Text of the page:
Iran has sustained its military spending in the face of debilitating US sanctions, a military adviser to the supreme leader has said in a rare interview, dismissing the Trump administration’s claims that its maximum pressure strategy has forced Tehran to slash its defence budgets.
Iranian officials acknowledge the impact sanctions have had on their economy, which has been plunged into a deep recession as US president Donald Trump has ramped up the pressure on the Islamic republic.
But Brigadier General Hossein Dehghan told the Financial Times that Tehran had not “made any cuts to the budgets of our military organisations”.
“Militarily, today we are definitely in a better situation than three years ago when Mr Trump came to power, in all aspects — from staff, organisation to equipment. And we will be better in five years if Mr Trump is re-elected,” said Gen Dehghan, a former top commander in the elite Revolutionary Guards who is under US sanctions himself. “In the region, since the formation of Isis and the rise of insecurity, we have used all our capacity to organise, train and consult our allies.”
The republic’s official military spending has risen in Iranian rial terms since Mr Trump began imposing sanctions, according to government budgets. The rial has plummeted against the dollar, but Iran relies heavily on its indigenous arms industry. The full extent of Iran’s defence spending is opaque and support for regional proxies is not made public.
Trump administration officials, citing Iran’s budget, have claimed one of their key successes has been to force Tehran to reduce its military spending by almost 30 per cent, including cuts to the guards’ budgets, and to weaken the republic’s ability to support its proxies.
The stand-off between Iran and the US began after Mr Trump unilaterally withdrew from the 2015 nuclear deal that Tehran sealed with world powers, and imposed the most severe sanctions ever on the republic.
Mr Trump’s stated aim is to pressure Tehran to renegotiate the nuclear deal, rein in its missile programme and end its support for proxies Washington alleges destabilise the region. Iran and the US came close to war last month after Qassem Soleimani, Iran’s most powerful commander, was killed in an American drone strike. Soleimani’s Quds Force, the wing of the guards responsible for overseas operations, has for years mentored and armed regional militant groups and led Iran’s fight against Isis.
His killing dealt a stunning blow to the republic, and pictures of the commander adorned posters and billboards across the country. But while Iranian officials admitted that the charismatic general’s death was a great loss, they insisted their military institutions would not be weakened.
Providing a rare glimpse into the theocratic leadership’s thinking, Gen Dehghan hinted at Tehran’s survival strategy: no retreat from sponsoring regional militant groups or developing its missile programme; no talks with Washington but avoid all-out war; and a bet that Mr Trump’s policies will ultimately serve Iran by fuelling anti-American sentiment and empowering its proxies.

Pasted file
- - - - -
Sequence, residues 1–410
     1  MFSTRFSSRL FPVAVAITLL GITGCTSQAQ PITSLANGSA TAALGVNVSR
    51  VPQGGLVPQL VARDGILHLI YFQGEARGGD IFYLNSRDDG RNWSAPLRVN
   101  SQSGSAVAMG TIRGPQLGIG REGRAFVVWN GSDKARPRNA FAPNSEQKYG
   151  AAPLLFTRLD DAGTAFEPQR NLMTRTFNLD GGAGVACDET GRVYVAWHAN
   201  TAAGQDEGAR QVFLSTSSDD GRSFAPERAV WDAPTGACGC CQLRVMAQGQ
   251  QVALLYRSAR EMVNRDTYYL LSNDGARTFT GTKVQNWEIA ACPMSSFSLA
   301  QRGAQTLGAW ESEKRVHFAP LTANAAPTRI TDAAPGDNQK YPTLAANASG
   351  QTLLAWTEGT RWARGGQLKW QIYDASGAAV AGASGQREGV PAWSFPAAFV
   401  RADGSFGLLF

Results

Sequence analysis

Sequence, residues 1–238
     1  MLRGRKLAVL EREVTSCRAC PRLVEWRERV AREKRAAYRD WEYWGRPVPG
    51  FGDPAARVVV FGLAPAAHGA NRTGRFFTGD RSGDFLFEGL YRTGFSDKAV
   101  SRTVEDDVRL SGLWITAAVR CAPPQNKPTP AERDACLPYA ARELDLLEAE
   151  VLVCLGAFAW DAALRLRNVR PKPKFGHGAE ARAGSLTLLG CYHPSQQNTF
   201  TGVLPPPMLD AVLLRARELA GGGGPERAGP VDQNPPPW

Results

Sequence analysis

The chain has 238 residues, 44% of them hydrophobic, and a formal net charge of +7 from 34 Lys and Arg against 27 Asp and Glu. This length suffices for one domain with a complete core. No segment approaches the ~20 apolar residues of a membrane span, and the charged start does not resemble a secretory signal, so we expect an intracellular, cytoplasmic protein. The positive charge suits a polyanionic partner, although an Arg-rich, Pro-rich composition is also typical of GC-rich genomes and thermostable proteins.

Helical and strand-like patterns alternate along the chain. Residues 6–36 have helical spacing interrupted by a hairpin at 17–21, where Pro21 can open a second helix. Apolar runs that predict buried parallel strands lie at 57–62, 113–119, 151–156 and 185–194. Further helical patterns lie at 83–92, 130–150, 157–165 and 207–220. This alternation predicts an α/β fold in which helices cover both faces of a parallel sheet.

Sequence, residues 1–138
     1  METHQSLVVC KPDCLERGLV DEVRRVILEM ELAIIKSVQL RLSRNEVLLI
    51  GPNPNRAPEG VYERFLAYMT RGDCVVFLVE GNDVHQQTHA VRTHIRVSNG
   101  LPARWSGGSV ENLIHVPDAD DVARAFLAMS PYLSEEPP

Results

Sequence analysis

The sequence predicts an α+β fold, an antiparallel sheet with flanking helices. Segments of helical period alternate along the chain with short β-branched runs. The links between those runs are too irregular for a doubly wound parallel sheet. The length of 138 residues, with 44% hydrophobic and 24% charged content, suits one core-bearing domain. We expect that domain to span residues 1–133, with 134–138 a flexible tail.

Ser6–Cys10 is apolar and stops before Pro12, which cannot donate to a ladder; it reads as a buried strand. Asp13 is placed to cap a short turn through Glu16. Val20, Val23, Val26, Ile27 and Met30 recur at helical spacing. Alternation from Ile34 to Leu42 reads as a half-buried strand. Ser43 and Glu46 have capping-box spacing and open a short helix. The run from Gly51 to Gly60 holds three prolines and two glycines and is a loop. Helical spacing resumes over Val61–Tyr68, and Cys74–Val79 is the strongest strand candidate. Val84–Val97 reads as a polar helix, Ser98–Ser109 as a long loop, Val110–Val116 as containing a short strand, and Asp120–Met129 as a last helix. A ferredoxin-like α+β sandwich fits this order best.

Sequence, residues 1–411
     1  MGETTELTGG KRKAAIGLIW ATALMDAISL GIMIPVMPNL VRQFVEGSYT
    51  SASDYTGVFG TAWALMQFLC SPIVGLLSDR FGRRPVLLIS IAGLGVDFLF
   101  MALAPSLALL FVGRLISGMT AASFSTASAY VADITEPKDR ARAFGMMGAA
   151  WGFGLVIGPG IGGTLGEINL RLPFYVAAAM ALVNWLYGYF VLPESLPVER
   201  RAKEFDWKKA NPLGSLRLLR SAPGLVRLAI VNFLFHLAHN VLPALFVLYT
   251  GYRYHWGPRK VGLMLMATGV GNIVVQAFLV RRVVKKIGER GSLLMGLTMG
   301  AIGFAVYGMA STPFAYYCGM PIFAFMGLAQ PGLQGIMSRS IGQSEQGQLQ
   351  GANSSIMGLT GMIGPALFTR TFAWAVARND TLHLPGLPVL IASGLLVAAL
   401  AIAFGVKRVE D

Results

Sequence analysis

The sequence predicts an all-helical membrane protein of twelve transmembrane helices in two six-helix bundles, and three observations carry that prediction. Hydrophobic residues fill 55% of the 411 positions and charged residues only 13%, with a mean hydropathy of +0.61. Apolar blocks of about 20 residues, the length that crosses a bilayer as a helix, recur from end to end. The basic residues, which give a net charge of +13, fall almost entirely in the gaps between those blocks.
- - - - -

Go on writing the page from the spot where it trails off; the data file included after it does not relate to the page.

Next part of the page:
The US strategy “is costing them and it costs us. But who is the winner now? Today, we believe our influence in the region has increased despite all this pressure,” said Gen Dehghan. “We will never abandon our regional allies . . . We are not players, we are revolutionaries.”
Iran boasts the largest ballistic and cruise missile force in the Middle East and the number of Iranian-backed fighters in the region ranges from 150,000 to 250,000, according to the US-based Center for Strategic and International Studies, with allied groups in Iraq, Syria, Lebanon and Yemen.
The US blames Iran for the missile and drone attack that struck Saudi Arabia’s oil infrastructure in September, temporarily knocking out half the kingdom’s crude output. Washington and Israel also accuse Iran of transferring missiles and technology to its proxies — Israel has launched scores of strikes against Iranian-affiliated targets in Syria in recent years.
When questioned about US and Israeli allegations that Iran has helped Lebanon’s Hizbollah and Iraqi militias to set up missile manufacturing plants in Syria, Lebanon and Iraq, Gen Dehghan said: “If they ask us for help, we will.”
Tehran also used its arsenal to retaliate against the US after the assassination of Soleimani, firing more than a dozen missiles at Iraqi bases housing American forces. No troops were killed and Washington and Tehran moved to de-escalate, but Iran’s supreme leader Ayatollah Ali Khamenei suggested Iran would take other retaliatory measures in the future.
Gen Dehghan said “complimentary blows will happen over time” with the aim of driving US forces from the region. But he added that Tehran would not stage attacks against the US “unless America does [against Iran]”.
He said Iran “saw no reason to order” its proxies to act, but would not “prevent them from acting”. Iranian-backed Iraqi militias have continued to fire rockets near the US embassy in Baghdad and at bases hosting American soldiers since Soleimani’s assassination. They have caused limited damage, but reflect a pattern of harassment of US interests in Iraq, where Iran has deep influence and which is home to more than 5,000 US troops.
Gen Dehghan reiterated that Iran did not want a “full-blown war” with the US, but said negotiations would be pointless. “The US thinks we are in a weak position and need to negotiate,” he said. “The US wants to negotiate with us to say ‘why do you have missiles, why are you present in the region and why do you have military capabilities?’ What kind of negotiations are these?”